Virginia Institute of Marine Science
Frontiers in Marine Science
Phytoplankton biomass in estuarine and continental shelf regions are regulated and modified by physical processes, but these interactions have mostly been investigated at a scale of tens of kilometers, and the role of meso- to sub-mesoscale dynamical processes of freshwater plumes in regulating the spatial and temporal variations of algal biomass is largely unknown. To assess the importance of features at these scales, high-resolution (horizontal spacing < 1 km) cross-sectional profiles of hydrographic and biogeochemical variables were collected in the lower Changjiang Estuary and adjacent continental shelf with a towed, undulating vehicle equipped with sensors measuring fluorescence, turbidity and irradiance. Discrete stations were also occupied to allow for the characterization of nutrients. Multiple physical features at different scales regulated the spatial variation of phytoplankton biomass. Phytoplankton biomass was initialized by an improved irradiance field driven by reduced turbidity together with a rapid development of subsurface stratification at the main plume front (isohaline of 23) downstream from the turbidity maximum zone. Phytoplankton blooms did not occur until outcrops located within the main front that were characterized by surface convergence and downwelling, which contributed to large algal biomass by mass trapping and enhanced light penetration. Wave-like features were detected seaward of the main front, coinciding with deacceleration of currents, indicating that they are front-released internal waves that increase algal retention time. This study revealed the critical role of small-scale processes near the plume front in triggering phytoplankton blooms under the large-scale context of improved light conditions, coastal upwelling and nutrient additions from intruding oceanic waters.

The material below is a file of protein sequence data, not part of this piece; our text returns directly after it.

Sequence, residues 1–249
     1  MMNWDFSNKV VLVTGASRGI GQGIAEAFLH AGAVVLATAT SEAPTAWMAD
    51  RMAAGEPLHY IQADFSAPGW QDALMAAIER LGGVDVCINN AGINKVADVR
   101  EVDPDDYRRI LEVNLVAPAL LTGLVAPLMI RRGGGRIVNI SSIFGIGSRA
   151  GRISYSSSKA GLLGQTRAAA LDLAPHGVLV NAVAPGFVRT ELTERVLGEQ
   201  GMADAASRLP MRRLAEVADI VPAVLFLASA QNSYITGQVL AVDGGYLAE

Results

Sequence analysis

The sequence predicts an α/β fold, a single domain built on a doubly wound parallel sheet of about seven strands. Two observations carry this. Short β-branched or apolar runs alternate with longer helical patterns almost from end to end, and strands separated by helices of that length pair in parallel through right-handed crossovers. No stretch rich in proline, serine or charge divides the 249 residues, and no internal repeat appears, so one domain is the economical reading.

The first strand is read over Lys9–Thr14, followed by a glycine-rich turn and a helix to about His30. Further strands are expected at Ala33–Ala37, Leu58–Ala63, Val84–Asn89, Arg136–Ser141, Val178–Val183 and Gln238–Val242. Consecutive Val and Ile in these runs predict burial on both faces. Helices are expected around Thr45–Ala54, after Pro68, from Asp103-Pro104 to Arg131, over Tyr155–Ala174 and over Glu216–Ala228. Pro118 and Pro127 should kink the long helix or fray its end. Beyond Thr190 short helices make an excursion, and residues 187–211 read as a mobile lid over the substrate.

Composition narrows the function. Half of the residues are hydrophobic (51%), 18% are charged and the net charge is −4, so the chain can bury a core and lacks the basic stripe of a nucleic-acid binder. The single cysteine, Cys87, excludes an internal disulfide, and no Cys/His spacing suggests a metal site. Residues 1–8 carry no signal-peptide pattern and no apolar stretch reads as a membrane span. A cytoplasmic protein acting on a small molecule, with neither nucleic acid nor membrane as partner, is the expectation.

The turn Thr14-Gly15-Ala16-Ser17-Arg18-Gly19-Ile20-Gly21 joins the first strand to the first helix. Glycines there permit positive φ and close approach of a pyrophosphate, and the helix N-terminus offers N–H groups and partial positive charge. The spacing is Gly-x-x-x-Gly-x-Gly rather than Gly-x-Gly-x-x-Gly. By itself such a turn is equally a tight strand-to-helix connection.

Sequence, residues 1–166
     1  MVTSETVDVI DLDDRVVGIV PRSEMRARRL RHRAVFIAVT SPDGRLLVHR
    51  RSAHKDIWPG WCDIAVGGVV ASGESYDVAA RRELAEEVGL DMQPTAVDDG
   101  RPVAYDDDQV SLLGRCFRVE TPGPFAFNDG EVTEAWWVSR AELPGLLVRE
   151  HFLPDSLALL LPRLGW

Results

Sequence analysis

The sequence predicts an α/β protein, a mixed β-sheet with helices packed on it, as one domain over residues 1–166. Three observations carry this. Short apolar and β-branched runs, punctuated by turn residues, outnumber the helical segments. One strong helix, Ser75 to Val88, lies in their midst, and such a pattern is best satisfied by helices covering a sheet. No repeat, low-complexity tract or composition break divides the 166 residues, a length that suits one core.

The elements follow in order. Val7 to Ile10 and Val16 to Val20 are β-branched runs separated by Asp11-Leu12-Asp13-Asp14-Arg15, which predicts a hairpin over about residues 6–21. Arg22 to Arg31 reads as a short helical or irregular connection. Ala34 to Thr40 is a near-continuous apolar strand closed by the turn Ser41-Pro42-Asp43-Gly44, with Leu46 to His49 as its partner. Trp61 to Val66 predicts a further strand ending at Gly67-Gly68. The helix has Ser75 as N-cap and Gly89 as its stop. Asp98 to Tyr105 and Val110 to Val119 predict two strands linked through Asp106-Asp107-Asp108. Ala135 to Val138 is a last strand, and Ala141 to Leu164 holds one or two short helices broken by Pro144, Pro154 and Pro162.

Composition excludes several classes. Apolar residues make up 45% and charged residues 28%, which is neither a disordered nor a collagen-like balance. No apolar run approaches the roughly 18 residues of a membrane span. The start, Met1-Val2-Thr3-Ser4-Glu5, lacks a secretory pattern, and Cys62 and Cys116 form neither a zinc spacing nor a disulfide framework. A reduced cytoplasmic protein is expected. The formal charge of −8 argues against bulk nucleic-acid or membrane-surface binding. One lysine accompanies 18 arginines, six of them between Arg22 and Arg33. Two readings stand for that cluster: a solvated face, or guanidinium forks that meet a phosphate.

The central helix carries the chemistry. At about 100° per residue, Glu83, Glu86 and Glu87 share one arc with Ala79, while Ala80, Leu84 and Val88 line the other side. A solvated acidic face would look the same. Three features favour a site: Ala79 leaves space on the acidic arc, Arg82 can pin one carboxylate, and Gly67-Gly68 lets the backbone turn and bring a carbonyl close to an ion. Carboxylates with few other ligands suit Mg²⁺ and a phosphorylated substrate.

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Zhang, Zhaoru; Zhou, Meng; et al; and Smith, Walker O. Jr., Spatial Variations of Phytoplankton Biomass Controlled by River Plume Dynamics Over the Lower Changjiang Estuary and Adjacent Shelf Based on High-Resolution Observations (2020). Frontiers in Marine Science.